Roger Federer of Switzerland hits a volley with a giant racquet during the Kids Day exhibition match ahead of the Australian Open in Melbourne yesterday. The Australian Open runs from January 13 to 26.
MELBOURNE: Roger Federer yesterday warned he was still a force to be reckoned with as he heads into the Australian Open armed with a new, bigger racquet and with Stefan Edberg in his corner.
The 17-time Grand Slam-winner, now 32, said world number one Rafael Nadal and defending champion Novak Djokovic should be wary of the other top 10 players at the season’s first major.
“Well, I think it’s normal that they are considered, you know, the one and two favourites for the tournament,” said Federer, emphasising the word ‘considered’. “Of course, we do believe we can knock them off, yes,” he added, referring to the other members of the world top 10.
Federer has more Grand Slam titles than any other player but only one, Wimbledon 2012, in the last four years. He is currently ranked at world number six.
But Federer is hoping a switch from a 90-inch to a 98-inch racquet, and the arrival of boyhood hero Edberg, will pay dividends.
“I mean, look, my life on tour is pretty much settled. It’s always solid routines. He’ll just fit in nicely into that,” Federer said of the six-time Grand Slam title-winner. “I’m just really excited that he’s taken up the offer because I didn’t think he was going to do it because he’s got a life. He doesn’t need this.
“For me, clearly it’s very exciting to have him as part of the team. I’m looking forward to every week I’ll spend with him on the tour this year.”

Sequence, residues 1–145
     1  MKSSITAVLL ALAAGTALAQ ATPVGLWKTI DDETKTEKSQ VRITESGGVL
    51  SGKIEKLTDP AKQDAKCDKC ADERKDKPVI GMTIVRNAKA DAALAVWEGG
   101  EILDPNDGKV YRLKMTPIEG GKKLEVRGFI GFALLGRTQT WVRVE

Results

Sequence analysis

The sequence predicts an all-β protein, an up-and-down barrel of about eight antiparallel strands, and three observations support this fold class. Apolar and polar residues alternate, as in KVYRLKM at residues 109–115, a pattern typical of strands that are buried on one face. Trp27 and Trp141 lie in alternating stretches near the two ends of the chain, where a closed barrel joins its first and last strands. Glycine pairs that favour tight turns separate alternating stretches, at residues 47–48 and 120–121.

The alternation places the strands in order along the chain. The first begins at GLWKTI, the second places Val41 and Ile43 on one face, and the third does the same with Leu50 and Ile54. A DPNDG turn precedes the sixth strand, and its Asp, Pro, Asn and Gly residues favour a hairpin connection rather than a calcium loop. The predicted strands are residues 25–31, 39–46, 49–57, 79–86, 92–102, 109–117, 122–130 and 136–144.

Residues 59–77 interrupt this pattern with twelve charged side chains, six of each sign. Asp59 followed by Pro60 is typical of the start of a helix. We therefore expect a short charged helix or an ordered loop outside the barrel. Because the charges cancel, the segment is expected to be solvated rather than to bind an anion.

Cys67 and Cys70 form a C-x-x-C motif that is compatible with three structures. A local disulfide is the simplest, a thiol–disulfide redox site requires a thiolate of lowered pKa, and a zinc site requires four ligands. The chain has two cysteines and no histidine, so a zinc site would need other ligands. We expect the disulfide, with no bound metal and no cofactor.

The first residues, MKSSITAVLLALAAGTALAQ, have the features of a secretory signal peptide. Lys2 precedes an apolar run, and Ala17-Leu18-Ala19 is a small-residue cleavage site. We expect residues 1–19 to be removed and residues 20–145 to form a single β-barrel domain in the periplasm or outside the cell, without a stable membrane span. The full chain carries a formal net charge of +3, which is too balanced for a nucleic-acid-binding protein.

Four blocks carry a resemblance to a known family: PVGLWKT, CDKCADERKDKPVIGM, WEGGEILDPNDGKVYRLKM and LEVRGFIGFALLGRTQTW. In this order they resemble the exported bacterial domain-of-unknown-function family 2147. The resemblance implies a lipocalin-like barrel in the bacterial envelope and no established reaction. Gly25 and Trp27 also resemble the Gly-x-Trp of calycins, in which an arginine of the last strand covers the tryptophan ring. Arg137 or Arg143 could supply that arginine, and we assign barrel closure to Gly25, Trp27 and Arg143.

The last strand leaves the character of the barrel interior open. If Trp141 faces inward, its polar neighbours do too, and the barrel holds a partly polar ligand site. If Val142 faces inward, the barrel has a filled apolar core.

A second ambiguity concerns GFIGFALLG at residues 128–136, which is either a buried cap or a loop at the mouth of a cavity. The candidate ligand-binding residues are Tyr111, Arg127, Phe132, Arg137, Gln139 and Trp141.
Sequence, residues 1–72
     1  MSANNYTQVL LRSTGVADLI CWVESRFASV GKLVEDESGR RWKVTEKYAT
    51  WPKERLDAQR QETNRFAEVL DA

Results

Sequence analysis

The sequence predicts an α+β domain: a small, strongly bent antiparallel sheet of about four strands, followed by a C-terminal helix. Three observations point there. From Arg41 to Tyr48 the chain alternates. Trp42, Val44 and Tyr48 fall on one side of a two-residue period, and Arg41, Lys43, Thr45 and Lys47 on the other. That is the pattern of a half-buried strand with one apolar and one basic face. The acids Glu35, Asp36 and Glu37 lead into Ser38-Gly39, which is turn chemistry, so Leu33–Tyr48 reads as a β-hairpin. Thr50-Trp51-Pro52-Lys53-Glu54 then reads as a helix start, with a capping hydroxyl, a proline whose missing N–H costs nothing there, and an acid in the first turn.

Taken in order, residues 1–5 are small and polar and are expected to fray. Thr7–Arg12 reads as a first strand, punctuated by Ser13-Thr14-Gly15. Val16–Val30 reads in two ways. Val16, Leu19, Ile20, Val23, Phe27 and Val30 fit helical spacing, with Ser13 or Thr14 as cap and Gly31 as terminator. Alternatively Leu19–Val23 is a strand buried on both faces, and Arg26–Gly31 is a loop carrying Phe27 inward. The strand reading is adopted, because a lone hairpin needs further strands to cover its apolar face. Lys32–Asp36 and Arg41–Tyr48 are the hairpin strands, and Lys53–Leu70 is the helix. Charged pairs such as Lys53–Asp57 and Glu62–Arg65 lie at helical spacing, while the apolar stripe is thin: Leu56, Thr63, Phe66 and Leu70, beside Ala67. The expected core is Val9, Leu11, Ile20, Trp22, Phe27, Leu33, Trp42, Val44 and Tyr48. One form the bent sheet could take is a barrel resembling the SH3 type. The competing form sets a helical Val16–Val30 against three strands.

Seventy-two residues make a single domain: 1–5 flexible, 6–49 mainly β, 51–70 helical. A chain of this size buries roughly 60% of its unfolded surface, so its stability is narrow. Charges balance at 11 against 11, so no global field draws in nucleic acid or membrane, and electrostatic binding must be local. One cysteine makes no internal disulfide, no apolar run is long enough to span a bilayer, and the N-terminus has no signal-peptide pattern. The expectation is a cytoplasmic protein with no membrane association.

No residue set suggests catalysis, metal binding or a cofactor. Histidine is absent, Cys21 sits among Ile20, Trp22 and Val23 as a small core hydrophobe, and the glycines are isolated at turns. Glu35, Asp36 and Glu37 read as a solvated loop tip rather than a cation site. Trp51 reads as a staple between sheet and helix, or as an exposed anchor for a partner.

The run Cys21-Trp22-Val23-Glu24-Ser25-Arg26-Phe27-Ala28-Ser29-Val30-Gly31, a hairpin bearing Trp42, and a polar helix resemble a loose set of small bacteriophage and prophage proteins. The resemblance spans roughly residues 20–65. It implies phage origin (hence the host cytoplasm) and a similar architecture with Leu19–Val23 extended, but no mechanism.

He added: “That’s kind of what’s very exciting, just hanging out with him. That was the idea, as well.
“If it didn’t work out, he would say, ‘I’m not ready for this’, at least I would have had a few nice dinners with him and able to spend time with a childhood hero, which would have been plenty to fuel my motivation.”
Federer won the Australian Open in 2004, 2006, 2007, 2010, and has not failed to reach the semi-finals since 2003.
He will be competing in a record 57th consecutive Grand Slam tournament, beating the mark of 56 set by South Africa’s Wayne Ferreira.
The Swiss great begins his tournament against Australian hope James Duckworth, with Jo-Wilfried Tsonga, Andy Murray, Rafael Nadal and Novak Djokovic all lurking as potential opponents.
“I definitely have less pressure this year, less to lose,” he said. “I’m not the defending champion or any of that.
“So I should be able to play more freely, and other guys are supposed to make their move or defend again, all these things.
“Things are maybe a little bit more comfortable this year around. But at the same time maybe the draw becomes tougher in the process. But I’m happy I’m back here, I’m very proud of my Grand Slam streak (57 straight Slams). I hope I can keep playing for a long time.”
However, he said he had little time for analysing the draw and whom he may or may not have to face.
“A draw is a draw. You guys debate it, I play in it. That’s basically it,” he told reporters.
“At the end of the day it all comes down to how well I play, to see how big my chances are to go really far and win the tournament.
“But I’m very focused right now on getting through the first week and making sure I get things underway nicely.” AGENCIES